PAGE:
In the locker room

The other day, at the Y, a lady got mad at me.

Her locker was directly next to mine, and she had her stuff kind of laid out all over, because she was doing her post-shower change. I live a few blocks away, so I never change in the locker room; I just take my stuff and get the hell out, because it’s hot and stuffy in there. I had no problem with this lady arranging her clothing and moisturizers wherever she needed to. Anyway, all I said was, “Excuse me.” In my mind, I was saying, “I’m just going to grab my stuff and get out of your way, because after all I’m not changing but you are, haha! So no need to move, pardon me, I’m running away now.” So I was trying to be quick, so I could get out of her way. But while I was grabbing my stuff she was huffing and sighing and whmmmphing. I couldn’t figure how why she was so mad, so I sort of assumed she was an angry person and I shouldn’t even address it. I took my coat and moved to the next aisle to get my stuff in order.

But as soon as I walked away she immediately started bitching about me to another woman, about how I hadn’t giving her a chance to move her stuff, how I was in such a rush and how impatient I was, how people are so thoughtless nowadays, no one thinks, no one cares, grumble grumble grumble. I was going to let it go and just leave, but I didn’t, I walked back and asked her what I’d done, because I didn’t see it. She immediately softened—as people often do when they’re forced to look into the faces of the people they’ve labeled as the enemy—and she explained her perspective, and we actually had a nice chat, and all was forgiven, and it was fine.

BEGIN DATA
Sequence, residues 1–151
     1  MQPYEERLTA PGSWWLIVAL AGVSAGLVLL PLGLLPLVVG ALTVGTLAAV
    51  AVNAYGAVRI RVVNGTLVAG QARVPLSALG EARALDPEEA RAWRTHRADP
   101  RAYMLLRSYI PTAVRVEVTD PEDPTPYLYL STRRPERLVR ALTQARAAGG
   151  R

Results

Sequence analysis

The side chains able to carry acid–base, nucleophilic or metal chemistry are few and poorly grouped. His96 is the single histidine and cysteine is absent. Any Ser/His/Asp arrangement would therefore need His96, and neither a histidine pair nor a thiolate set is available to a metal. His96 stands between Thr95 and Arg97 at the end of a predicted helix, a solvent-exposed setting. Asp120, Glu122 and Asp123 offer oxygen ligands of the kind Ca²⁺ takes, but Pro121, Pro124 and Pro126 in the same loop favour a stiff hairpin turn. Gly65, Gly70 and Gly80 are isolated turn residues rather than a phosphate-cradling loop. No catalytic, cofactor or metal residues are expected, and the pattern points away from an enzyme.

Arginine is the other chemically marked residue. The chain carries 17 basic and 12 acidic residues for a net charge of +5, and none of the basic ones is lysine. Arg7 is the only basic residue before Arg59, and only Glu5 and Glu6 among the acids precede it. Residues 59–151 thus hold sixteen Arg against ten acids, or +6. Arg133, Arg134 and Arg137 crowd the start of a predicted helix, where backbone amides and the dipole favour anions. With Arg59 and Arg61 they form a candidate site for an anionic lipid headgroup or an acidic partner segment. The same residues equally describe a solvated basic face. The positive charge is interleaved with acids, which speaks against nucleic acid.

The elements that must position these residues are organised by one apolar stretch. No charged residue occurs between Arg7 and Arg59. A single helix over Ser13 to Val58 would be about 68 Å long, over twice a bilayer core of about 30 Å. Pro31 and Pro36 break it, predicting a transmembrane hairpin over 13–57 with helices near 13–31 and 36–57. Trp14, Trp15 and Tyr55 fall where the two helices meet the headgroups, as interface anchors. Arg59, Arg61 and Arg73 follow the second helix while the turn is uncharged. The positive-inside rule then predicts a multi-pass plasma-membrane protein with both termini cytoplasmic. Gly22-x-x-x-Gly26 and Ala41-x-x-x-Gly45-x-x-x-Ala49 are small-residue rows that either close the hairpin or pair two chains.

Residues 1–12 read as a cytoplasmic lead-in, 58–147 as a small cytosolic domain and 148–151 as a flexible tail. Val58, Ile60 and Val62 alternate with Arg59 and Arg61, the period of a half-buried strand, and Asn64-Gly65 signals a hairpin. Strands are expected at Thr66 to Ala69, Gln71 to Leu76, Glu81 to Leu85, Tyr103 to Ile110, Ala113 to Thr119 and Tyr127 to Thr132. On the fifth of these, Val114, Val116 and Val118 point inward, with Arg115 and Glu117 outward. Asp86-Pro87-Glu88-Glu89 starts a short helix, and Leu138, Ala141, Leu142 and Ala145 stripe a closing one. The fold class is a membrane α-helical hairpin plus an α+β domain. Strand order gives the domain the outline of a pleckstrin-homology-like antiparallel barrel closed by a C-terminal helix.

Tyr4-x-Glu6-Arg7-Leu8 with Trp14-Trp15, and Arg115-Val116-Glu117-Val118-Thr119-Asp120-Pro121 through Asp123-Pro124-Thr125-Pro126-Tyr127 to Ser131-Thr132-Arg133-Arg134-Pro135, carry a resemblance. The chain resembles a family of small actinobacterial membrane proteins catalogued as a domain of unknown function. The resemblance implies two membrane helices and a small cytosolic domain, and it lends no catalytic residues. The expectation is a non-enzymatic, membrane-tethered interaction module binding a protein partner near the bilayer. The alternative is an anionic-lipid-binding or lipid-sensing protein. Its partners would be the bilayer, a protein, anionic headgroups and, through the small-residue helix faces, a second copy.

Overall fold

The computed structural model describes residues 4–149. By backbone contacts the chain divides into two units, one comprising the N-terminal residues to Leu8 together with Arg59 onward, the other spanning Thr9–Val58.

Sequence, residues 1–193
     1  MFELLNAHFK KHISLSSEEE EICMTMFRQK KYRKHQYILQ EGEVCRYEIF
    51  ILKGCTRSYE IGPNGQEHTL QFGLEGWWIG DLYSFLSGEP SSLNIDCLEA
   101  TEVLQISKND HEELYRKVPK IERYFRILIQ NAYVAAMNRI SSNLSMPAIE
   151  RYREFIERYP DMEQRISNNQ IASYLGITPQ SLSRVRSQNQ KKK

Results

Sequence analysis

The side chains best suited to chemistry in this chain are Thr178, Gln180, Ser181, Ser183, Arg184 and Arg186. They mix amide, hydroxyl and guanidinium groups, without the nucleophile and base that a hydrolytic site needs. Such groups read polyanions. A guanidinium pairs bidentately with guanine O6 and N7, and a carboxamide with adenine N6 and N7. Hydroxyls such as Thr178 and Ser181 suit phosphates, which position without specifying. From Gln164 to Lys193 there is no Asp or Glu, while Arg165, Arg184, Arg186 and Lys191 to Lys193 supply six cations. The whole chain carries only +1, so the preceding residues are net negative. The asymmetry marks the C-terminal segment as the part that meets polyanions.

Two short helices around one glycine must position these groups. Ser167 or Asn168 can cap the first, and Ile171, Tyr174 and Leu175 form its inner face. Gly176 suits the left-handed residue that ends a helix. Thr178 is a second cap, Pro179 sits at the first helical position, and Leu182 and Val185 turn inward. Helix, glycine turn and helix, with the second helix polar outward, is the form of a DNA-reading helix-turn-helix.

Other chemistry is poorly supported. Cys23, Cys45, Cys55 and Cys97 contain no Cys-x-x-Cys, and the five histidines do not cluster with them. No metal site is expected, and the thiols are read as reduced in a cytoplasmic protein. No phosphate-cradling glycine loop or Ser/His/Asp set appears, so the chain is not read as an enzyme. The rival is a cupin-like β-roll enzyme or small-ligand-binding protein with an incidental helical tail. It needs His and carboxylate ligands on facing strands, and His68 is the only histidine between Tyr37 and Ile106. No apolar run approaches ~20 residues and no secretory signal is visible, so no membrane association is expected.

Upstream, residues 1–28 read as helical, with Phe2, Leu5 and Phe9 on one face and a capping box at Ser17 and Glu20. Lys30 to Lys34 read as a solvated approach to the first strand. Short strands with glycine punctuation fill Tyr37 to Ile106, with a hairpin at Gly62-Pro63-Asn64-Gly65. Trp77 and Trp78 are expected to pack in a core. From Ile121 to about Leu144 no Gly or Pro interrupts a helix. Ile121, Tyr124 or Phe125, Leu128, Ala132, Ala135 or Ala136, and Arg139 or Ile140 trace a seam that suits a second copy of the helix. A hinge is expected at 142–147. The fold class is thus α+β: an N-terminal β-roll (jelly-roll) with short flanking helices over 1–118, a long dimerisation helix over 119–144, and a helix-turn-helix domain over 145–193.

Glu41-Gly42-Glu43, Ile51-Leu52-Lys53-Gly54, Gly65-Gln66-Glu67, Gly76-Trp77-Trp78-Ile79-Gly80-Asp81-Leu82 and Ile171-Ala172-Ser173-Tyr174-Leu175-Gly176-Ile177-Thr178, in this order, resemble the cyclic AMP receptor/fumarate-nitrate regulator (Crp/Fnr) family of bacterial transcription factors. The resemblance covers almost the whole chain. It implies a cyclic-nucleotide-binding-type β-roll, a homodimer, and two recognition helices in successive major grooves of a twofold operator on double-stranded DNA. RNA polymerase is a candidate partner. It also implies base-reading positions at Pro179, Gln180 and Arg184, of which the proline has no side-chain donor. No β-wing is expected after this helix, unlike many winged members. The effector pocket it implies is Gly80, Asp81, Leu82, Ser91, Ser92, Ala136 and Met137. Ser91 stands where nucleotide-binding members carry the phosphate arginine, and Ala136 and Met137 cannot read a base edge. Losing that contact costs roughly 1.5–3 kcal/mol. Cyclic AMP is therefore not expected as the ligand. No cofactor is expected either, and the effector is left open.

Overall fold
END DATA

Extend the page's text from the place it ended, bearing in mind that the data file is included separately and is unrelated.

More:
Except I felt bad. And I still feel bad about it. Not because of her, she turned out to be a genuinely sweet person who was having a crummy day, but it startled me, as it always does, how quick people are to assume the worst of each other.

It sort of astounded me that someone would read me as being insensitive—ME! The most Sensitive Person Alive!—but then I realized that people don’t know me, they project whatever the hell they want, just as I do to them, and I probably encountered the other most Sensitive Person Alive that day, but I was just as willing to pretend she was an old meanie who wanted to spread her unhappiness across the land. And it upset me to think that I could ruin someone’s day by just saying “Excuse me,” and how often had I blown past someone or accidentally bumped into them, and did that make them feel bad? I realize I’m taking on quite a bit of responsibility for everyone's feelings, but it’s true, those things can have an effect on you, those little jabs and bumps that are part of living in the city.

I’ve been feeling ever since like I should wear a shirt that reads, “CONTENTS ARE FRAGILE,” and actually that we should all wear that shirt, so that we can all remember to be kind to each other, because life can be so hard, and we’re only here for a little while.